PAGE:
Engaged Leadership Visible and sustained leadership to encourage culture shift. Specific strategies for quality improvement (QI). Establish and support a QI team. Protected time for providers and care teams. Practice’s values centered upon the medical home model.
Engaged Leadership “Direct involvement of top and middle level leaders.” Leadership should: Create a quality-oriented culture. Define the practice reality, often with data. Sustain enthusiasm. (Wang et al., 2006; Reinertsen,1998; Taylor et al., 2010.)
Engaged Leadership Effective leaders should promote: Systems thinking Envisioning change Change management Taylor et al., 2010
Applicable Standards 1.Enhance Access and Continuity 2.Identify and Manage Patient Populations 3.Plan and Manage Care 4.Provide Self-Care Support and Community Resources 5.Track and Coordinate Care 6.Measure and Improve Performance
Quality Improvement Strategy Formal model for QI. Establish and monitor metrics. Ensure staff familiarity with metrics and outcomes Obtain and utilize patient/family feedback. Involvement of patients, families, providers, care teams in QI activities Optimal use of HIT.
Quality Improvement Strategy LEAN Methodology Six Sigma Timeliness Referral process time Overall clinic follow-through Health Information Technology (HIT) and the EHR Vest & Gamm, 2009; Deckard et al., 2010; Office of the National Coordinator for Health Information Technology, 2010; Reid et al., 2010
Applicable Standards 2D: Data for Population Management 4B: Community Resource Referrals 6A: Measure Performance 6B: Measure Patient/Family Experience 6C: Implement Continuous QI 6D: Demonstrate Continuous QI 6E: Report Performance 6F: Report Data Externally
Empanelment Which patients should be empaneled in the medical home? Which patients need temporary, supplemental, or enhanced services? Use of panel data and registries. Practice’s supply and demand. Provider Panels Team- Based Care Continuity of Care Capacity Analysis Planning & Control Access to Care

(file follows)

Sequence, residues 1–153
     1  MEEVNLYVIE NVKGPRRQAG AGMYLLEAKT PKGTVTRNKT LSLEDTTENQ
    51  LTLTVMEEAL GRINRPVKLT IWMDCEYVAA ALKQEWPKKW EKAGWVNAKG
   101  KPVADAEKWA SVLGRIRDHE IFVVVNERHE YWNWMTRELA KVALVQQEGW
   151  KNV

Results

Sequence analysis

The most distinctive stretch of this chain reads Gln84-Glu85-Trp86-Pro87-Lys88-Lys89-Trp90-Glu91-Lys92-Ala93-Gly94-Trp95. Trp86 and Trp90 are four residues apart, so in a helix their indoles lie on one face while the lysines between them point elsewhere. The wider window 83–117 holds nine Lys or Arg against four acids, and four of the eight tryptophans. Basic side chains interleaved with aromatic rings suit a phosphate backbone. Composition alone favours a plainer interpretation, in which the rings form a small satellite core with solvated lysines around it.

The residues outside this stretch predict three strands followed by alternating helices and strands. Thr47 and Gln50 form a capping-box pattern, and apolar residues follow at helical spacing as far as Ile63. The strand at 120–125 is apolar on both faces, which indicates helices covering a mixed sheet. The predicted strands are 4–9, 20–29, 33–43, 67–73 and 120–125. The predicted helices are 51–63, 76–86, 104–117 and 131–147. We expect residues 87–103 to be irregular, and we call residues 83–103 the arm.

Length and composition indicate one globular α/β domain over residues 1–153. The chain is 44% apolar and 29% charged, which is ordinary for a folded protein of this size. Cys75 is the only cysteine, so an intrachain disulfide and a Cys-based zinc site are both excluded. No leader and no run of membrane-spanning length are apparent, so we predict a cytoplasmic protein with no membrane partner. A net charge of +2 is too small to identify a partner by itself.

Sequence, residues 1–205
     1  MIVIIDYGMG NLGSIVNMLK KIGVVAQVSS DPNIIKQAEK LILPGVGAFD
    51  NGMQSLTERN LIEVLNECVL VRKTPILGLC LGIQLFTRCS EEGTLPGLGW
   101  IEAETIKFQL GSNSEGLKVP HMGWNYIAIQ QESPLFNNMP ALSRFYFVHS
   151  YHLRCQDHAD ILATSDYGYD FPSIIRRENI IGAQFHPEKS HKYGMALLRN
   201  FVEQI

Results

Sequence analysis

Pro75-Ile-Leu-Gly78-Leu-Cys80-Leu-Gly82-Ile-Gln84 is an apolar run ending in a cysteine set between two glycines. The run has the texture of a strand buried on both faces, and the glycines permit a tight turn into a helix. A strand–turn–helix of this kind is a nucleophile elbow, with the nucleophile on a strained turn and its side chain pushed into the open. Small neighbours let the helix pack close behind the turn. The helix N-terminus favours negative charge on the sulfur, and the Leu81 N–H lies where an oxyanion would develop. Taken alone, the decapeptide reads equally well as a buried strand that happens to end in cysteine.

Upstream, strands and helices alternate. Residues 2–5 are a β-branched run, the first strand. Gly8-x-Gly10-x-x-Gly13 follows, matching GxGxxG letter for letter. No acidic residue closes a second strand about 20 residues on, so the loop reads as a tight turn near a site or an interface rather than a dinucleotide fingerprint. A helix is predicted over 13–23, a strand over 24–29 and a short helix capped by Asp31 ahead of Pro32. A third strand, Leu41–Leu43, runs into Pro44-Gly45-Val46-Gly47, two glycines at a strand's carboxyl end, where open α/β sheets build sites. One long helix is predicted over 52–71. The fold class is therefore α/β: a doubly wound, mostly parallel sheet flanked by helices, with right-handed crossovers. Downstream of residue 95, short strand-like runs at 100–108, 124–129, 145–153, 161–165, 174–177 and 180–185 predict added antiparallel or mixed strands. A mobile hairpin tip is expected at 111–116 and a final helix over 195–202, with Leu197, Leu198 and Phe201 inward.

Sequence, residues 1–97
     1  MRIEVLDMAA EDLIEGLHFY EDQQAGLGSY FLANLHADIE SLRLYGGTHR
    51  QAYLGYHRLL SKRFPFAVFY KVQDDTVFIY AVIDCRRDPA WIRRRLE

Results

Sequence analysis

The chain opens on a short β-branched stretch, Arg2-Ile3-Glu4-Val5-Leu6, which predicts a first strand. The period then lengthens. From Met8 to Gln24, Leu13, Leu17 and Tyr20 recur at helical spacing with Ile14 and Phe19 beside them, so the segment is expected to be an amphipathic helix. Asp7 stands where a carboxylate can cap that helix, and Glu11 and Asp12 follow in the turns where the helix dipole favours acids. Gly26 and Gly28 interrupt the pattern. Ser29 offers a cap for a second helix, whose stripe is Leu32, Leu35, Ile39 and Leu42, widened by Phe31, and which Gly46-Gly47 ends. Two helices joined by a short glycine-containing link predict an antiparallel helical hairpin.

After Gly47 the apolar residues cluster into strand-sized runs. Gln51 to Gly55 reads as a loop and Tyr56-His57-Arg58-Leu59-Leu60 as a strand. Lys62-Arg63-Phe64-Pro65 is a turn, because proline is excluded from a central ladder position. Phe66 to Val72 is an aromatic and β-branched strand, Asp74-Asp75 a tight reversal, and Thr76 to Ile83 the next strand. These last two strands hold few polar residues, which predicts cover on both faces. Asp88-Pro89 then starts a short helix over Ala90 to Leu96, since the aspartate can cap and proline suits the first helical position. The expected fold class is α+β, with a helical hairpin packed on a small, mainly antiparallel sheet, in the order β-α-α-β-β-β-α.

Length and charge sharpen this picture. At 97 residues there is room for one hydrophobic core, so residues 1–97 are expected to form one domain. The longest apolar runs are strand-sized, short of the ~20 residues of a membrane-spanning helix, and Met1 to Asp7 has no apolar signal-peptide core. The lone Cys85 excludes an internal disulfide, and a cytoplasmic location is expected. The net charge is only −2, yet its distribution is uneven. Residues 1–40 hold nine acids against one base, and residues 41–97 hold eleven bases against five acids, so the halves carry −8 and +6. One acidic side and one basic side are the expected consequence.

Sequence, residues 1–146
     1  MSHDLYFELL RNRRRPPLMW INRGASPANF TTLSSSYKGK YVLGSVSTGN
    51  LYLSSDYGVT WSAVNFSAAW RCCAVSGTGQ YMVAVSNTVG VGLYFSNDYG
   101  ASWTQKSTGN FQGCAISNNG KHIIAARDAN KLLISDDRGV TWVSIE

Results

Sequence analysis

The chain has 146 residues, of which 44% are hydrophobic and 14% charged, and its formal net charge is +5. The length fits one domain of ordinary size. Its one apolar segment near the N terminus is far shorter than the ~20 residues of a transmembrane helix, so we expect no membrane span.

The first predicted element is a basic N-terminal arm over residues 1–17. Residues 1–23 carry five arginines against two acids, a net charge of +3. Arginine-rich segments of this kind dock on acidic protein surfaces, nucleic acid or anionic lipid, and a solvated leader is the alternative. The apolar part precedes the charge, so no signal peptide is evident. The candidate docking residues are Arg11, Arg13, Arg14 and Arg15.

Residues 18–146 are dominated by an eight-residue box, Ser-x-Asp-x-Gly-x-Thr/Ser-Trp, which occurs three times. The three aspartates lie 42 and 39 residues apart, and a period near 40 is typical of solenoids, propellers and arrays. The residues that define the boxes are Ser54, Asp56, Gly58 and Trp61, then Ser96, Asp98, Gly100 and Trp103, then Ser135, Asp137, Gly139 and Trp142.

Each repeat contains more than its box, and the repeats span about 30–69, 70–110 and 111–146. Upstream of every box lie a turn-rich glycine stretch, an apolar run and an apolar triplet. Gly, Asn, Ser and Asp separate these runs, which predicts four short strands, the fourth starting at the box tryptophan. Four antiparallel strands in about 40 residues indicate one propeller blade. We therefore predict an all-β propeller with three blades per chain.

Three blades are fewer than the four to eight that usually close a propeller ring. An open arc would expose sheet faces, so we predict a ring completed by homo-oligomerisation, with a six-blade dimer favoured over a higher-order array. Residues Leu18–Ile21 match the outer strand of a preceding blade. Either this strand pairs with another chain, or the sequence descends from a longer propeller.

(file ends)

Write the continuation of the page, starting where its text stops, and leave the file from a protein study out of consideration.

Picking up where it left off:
Empanelment “A sustained partnership between the patient and physician is most important to improving health.” Institute of Medicine, 1996 Related to higher patient satisfaction Enhanced continuity of care Increase in patient trust Grumbach et al.,1999; Grumbach & Bodenheimer, 2002; Van Berckelaer et al., 2012; Donahue et al., 2005
Empanelment PCMH depends on the establishment of the patient-provider relationship. Visits with the same provider lead to: Quality patient-provider communication Identification of medical problems Patient satisfaction Provider satisfaction Use of preventative care Overall costs Hospital and ER admissions Cabana & Jee, 2004; Starfield et al., 1992; Fan et al., 2005; Saultz & Lochner, 2005
Applicable Standards 1A: Access During Office Hours 1B: After-Hours Access 2A: Patient Information 2B: Clinical Data 2C: Comprehensive Health Assessment 2D: Data for Population Management 3A: Implement Evidence-Based Guidelines
Patient-Centered Interactions Respect, uphold, and promote patient and family values and needs. Encourage patient activation. Cultural and linguistic awareness. Enhanced communication skills. Self-management support.
Patient-Centered Interactions Care must be consistent with patient needs, preferences, values, and expectations It is important to give the patient the chance to discuss treatment options, preferences, and concerns about treatment. Consider health literacy. Teach-back enhances medication adherence, self- management, and health outcomes. Paasche-Orlow et al., 2006; Marcus, 2006; Schillinger et al., 2003)